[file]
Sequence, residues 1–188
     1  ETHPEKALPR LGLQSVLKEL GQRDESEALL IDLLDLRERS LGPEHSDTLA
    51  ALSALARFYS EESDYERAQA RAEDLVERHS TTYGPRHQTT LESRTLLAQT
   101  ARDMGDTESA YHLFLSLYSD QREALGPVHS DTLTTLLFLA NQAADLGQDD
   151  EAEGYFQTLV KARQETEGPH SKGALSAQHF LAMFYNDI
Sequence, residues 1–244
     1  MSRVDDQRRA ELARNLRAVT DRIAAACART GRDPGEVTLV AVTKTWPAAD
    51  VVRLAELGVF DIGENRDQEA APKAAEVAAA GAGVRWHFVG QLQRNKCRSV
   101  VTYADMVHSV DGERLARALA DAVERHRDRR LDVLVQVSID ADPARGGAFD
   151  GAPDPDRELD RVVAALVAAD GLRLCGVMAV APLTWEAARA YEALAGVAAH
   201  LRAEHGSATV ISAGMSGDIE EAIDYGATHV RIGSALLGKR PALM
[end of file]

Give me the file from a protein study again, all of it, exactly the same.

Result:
Sequence, residues 1–188
     1  ETHPEKALPR LGLQSVLKEL GQRDESEALL IDLLDLRERS LGPEHSDTLA
    51  ALSALARFYS EESDYERAQA RAEDLVERHS TTYGPRHQTT LESRTLLAQT
   101  ARDMGDTESA YHLFLSLYSD QREALGPVHS DTLTTLLFLA NQAADLGQDD
   151  EAEGYFQTLV KARQETEGPH SKGALSAQHF LAMFYNDI
Sequence, residues 1–244
     1  MSRVDDQRRA ELARNLRAVT DRIAAACART GRDPGEVTLV AVTKTWPAAD
    51  VVRLAELGVF DIGENRDQEA APKAAEVAAA GAGVRWHFVG QLQRNKCRSV
   101  VTYADMVHSV DGERLARALA DAVERHRDRR LDVLVQVSID ADPARGGAFD
   151  GAPDPDRELD RVVAALVAAD GLRLCGVMAV APLTWEAARA YEALAGVAAH
   201  LRAEHGSATV ISAGMSGDIE EAIDYGATHV RIGSALLGKR PALM